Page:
Why is all this possible? Because we are just relying on a shared secret, the PPID: we take advantage of cryptographic operations just for keeping the token unreadable and unmodifiable by non-authorized, but we don’t really leverage it in the details of authentication. However, those operations DO take place: to name one, the token we receive will always be signed by the token issuer. That operation can be performed by the issuer and the issuer only, since it’s the sole owner of his private key: if during the user registration process we can somehow capture in a secure way the identity of the issuer, we would not be relying just on a shared secret anymore. To make the concept more concrete, consider an example in which, instead of saving just the PPID during the new user registration, we save a combination of the PPID and the public key of the token issuer.
In that case, during a returning visit we would chech the value of the claim AND the key that was used for signing the token itself: while the PPID can be acquired, as described above, the signature cannot be faked. The only way of signing in is obtaining a token from the issuer that was used during the registration, and in the case of self issued cards this means that only the use of the original card will grant access. 🙂
Note also that nothing prevents you from storing ALSO the PPID: that may come in handy if your user has troubles, since a sinmplified version fo the PPID is shown in the Cardspace UI and can be a useful moniker for support calls.
The good news is that the current examples on the community website makes it super easy for you to leverage the above. Garrett‘s TokenProcessor class demonstrates the use of the member UniqueID, which is exactly a combination of the PPID and cryptographic material associated with the token issuer. It even features a configuration plug that you can use for varying the claims from which the UniqueID gets constructed! And speaking of Garrett, we had various discussions on the subject: I believe he’ll sooner or later write a detailed post on the subject, as soon as he’ll do I’ll add the relevant link here.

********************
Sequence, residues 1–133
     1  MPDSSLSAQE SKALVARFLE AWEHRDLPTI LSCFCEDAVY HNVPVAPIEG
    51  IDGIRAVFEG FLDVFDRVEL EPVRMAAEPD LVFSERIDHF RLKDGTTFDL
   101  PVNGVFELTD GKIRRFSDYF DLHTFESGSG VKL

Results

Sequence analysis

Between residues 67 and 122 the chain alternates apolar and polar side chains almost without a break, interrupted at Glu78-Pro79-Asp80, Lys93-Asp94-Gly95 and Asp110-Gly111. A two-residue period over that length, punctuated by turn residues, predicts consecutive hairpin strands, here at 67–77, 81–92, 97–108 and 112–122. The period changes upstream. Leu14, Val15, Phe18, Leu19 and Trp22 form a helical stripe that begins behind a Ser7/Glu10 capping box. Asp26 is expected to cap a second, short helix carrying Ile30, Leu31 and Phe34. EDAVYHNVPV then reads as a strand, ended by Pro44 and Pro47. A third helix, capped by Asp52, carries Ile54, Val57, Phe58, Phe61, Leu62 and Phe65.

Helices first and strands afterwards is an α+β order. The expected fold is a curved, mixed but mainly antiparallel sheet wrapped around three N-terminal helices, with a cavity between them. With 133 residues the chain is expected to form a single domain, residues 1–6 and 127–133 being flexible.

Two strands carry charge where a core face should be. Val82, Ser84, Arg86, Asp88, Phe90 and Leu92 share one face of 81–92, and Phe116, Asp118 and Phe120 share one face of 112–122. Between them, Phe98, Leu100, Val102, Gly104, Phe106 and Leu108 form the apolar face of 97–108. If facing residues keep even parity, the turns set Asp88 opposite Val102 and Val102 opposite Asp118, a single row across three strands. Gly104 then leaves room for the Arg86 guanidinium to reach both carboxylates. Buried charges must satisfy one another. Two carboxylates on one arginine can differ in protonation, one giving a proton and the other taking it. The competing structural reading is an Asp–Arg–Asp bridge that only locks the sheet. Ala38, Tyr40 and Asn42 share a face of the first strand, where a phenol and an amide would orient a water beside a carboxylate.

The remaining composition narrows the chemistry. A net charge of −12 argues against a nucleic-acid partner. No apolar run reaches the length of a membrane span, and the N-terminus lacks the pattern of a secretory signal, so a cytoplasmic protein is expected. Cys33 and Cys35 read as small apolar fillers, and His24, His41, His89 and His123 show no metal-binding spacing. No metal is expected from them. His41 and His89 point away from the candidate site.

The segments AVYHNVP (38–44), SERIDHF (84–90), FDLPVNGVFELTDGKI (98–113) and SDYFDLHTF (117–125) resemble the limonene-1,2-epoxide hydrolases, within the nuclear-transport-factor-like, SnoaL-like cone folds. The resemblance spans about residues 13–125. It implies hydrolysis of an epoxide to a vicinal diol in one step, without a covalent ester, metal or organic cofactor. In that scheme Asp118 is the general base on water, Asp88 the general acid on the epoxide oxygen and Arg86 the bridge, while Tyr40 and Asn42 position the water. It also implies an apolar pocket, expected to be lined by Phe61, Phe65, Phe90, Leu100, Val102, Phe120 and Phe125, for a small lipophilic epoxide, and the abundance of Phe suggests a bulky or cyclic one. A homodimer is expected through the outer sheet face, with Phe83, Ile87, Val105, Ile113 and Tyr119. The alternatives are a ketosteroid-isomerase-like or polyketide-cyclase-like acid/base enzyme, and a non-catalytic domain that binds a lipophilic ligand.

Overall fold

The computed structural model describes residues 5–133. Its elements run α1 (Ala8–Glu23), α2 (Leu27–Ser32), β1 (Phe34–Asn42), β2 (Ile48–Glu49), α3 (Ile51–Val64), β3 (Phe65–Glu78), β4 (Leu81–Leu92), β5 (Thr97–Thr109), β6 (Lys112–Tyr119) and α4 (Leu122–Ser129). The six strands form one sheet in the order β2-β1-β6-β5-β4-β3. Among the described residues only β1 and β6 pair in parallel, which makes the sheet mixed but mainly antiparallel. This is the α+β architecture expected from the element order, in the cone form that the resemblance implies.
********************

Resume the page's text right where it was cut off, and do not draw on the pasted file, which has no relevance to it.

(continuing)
So, it’s 1:37 AM and I better go to sleep: let’s summarize.
- Using PPIDs for saving user identities is more secure than passwords (not easily accessible to the user, all exchanges are intrinsically secured, guaranteed that it ill be used with only an RP, etc)
- Relying just on PPIDs means using a shared secret system, so there are few cases in which the mechanism can be subverted. Incidentally, those are among the same reasons for which using passwords is not a good idea: hence, I recommend staying away from it as the only key in your user store
- Using a combination of PPID and the cryptographic material involved in securing the token defuses the risks of PPID leaks described above
If you have questions, do not hesitate to drop me a line. If it’s not too clear, I will be happy to update the post with one of my signature diagrams 🙂